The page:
After the museum, we had spinich and mushroom pizza at Fellini's, then stopped by the market before heading home. The evening was spent on rented DVDs, catching up on a couple of films we'd missed at the theatre. First, The Order, which, I thought, was thoroughly charming, in a Buffy, The Vampire Slayer does The Vatican kind of way. I especially liked Benno Fürmann's performance as the sineater William Eden. Gary Oldman could have done it better, but that's true of a lot things. Rosalinda Celentano's Faraway Eyes Girl added something nice to the scenery and the two demon-spawn children were particularly creepy. I was amazed to learn that sin looks a lot like a jellyfish. Next, we watched Joel Schumacher's Phone Booth, which has to be one of the most underrated films of the year. Colin Farrell is grand as one the sleaziest protagonists you love despite himself since Ralph Fiennes' Lenny Nero in Strange Days (another very underrated film). Kiefer Sutherland is adequate as the caller, though Michael Wincott could have done it better (but that's true of a lot of things). But the three hookers really steal the show. Afterwards, I put in The Beast from Twenty Thousand Fathoms, because it's pleasant to sleep to, and because I'd been thinking of Ray Bradbury's "The Fog Horn" earlier in the day.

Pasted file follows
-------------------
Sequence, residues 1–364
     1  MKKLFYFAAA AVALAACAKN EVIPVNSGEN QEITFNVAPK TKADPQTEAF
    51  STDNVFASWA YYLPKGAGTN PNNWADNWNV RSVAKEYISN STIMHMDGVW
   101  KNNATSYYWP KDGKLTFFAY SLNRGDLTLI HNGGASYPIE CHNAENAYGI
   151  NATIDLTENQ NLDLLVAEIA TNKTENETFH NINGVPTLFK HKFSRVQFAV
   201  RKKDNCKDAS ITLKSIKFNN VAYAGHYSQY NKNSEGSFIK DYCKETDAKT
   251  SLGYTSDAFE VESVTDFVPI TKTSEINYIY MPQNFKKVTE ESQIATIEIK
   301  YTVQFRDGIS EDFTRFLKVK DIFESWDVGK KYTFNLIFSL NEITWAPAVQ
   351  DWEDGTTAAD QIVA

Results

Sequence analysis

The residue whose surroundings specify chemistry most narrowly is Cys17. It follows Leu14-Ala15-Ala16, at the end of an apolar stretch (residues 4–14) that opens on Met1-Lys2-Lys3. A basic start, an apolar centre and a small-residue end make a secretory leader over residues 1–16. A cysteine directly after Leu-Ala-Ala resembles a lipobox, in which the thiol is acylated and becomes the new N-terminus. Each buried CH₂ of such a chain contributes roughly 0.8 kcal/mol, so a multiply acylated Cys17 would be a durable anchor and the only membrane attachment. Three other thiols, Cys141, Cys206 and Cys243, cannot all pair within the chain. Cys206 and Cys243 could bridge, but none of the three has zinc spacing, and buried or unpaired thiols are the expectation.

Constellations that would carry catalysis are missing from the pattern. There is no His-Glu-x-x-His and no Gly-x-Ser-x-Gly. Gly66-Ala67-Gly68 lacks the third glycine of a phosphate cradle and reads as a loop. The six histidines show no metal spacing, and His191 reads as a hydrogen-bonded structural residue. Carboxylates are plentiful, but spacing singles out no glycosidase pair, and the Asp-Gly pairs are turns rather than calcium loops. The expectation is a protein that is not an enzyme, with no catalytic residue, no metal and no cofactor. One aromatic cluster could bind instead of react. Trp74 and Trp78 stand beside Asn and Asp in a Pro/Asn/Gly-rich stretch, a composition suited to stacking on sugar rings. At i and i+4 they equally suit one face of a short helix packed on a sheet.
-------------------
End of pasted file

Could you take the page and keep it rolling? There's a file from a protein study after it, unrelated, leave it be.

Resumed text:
All in all, a pleasant enough day that it's difficult for even me to complain. We'll see how today goes...
Friday, January 02, 2004
I think vacations are for people who get paid to take them, a class of people that pretty much excludes writers. Here we are, a mere 60 hours and 56 minutes into the vacation and already I'm losing the fight not to go back to work.
Just look at that dren I passed off for a journal entry yesterday. As if I'm not a hypocrite. As if I've never been an idiot. As if I actually care what Dubya bans and what Americans consume. As if. It was a post born more out of thumb-twiddling anxiety and the longing to touch the keys than from any actual ire. Oh, sure, stupid shit pisses me off (especially when I'm the one responsible), and the ephedra ban is certainly stupid shit, but it's not my problem and there I am acting all sanctimonious over something I honestly couldn't care a hill of beans about, just so I'd have something to write.
It's not that I want to be writing. It's just that writing's what I do and when I'm not doing it, I'm at a loss as to what else to do with myself, at a loss for ways to occupy my aching brain.